Saturday, February 28, 2015

Agent Carter review

    Agent Carter recently ended and I thought I'd stop to give my thoughts on this miniseries and what it managed to accomplish in its short time onscreen. For those of you unfamiliar with the series or its premise, it is an eight-episode season following the adventures of Agent Peggy Carter of the SSR (a precursor to Marvel's S.H.I.E.L.D).

    Peggy Carter (Hayley Atwell) was the love interest of Captain America in Captain America: The First Avenger but made a strong impression on audiences. She was smart, capable, tough, strong-willed, and beautiful. Despite her counterpart in the comics being a comparatively minor character, people wanted to see more of her. Making her the star of her own series was an obvious decision and presented all sorts of opportunities.

    Or perhaps not.

Haley Atwell makes a formidable agent.

     After all, Peggy Carter's adventures take place in the 1940s and is a time unrelated to the later popular Avengers franchise. Unlike, Agents of SHIELD, it would have to rely on material established entirely in Captain America: The First Avenger rather than later movies. Yet, the post-World War 2 period is one ripe for exploration with Hydra, Stalinism, and the formation of S.H.I.E.L.D to draw from.

    So how was it?

    Extremely good.

    The premise is Howard Stark (Dominic Cooper), father of Tony Stark, has had his most dangerous weapons designs stolen by an unknown party. The SSR believes Howard sold them to a foreign power and are intending to prosecute him to the fullest extent of the law. Appealing to their shared service with Captain America, he convinces her to investigate the crime against the wishes of her superiors.

The action scenes are very well handled.
    Even if this might get her charged with treason. Making things worse is the presence of a conspiracy of Russian soldiers, one of whom is a precursor to the Black Widow program. What is Leviathan and what do they want with Howard Stark's inventions? It's a plotline which holds together surprisingly well, even if there's a couple of parts which don't make much sense like the assassins lacking voice-boxes.

    The series is carried by the extremely good acting of Ms. Atwell. She gives us a physically potent, emotionally mature, and engaging protagonist in Peggy Carter. The character is easily the best developed of the Marvel Cinematic Universe's females and one audiences will easily fall in love with. Not since the rebooted Lara Croft and Alias' Sydney Bristow before her have I enjoyed a female action protagonist this much.

    While Peggy is easily the draw of the series, she is backed up by a great supporting cast which brings out the best of her character. There's Edwin Jarvis (James D'Arcy) who serves as her partner in crime in a manner reminiscent of the classic English spy series The Avengers. Peggy's coworkers are a group of sexists bigots with one exception but, even they, play an important role other than as obstacles to her success.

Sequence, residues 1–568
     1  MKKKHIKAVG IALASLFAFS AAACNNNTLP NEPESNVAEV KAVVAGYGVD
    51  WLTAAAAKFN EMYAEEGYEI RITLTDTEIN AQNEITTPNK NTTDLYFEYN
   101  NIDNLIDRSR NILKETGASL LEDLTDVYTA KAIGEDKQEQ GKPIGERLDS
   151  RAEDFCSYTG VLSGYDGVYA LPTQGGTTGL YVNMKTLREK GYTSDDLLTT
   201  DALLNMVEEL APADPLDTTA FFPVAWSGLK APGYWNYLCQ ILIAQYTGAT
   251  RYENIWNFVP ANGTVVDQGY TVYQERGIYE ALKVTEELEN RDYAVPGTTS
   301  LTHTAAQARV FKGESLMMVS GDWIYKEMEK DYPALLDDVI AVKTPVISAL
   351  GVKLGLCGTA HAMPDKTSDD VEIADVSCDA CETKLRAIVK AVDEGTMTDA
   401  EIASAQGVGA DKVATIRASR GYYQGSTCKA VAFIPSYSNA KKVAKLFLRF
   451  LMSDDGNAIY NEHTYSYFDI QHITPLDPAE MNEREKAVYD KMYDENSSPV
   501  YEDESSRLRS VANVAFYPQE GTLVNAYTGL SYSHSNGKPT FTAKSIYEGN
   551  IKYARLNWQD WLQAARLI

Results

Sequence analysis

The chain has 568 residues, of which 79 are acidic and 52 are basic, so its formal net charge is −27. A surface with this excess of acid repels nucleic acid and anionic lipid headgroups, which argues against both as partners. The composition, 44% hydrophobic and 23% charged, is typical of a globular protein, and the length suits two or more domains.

Beautiful but deadly.
    The villains in this series are great too. While the identity of the mastermind behind the plot is a secret which shouldn't be spoiled, I have to say I was pleased to see another Marvel villain adapted from the comics in an unexpected way. The highlight of the series, though, is Bridget Regan's 1940s Black Widow. As a huge fan of the actress from her role in Legend of the Seeker, she poses both a physical as well as mental threat to Peggy.

    The action sequences are elaborately staged with a substance to them usually lacking from live-action television. According to reports from the sets, Ms. Atwell's enthusiasm resulted in several stuntmen on the set getting punched for real. While I regret their pain, you can really see it adds a believability to the fights. Peggy is a dirty fighter, compensating for her small size and strength by making use of every possible advantage she can.

     The world-building for the series is excellent. We get insight into the Soviet Black Widow program, how the SSR transitioned into S.H.I.E.L.D, the Stark Household, and what happened to the Howling Commandos after the War. Fans of The First Avenger will be pleased by the amount of cameos from the movie. Reducing the number of episodes from thirteen to eight is a good choice if it means quality actors, sets, and special effects. The plot is also fast-paced and tightly written, meaning every single episode is a treat.

The tension of Peggy working against her own agency is well-handled.
    So is there any downsides? Period accurate or not, I did get rather tired of the relentless barrage of sexism poor Peggy is subjected to throughout the movie. From the fact her wartime adventures have been reduced to "screaming nurse love interest" in the in-series Captain America Radio Show to the constant commentary about her past relationships in the office, poor Peggy is chomping at the bit to be given something more than secretary work.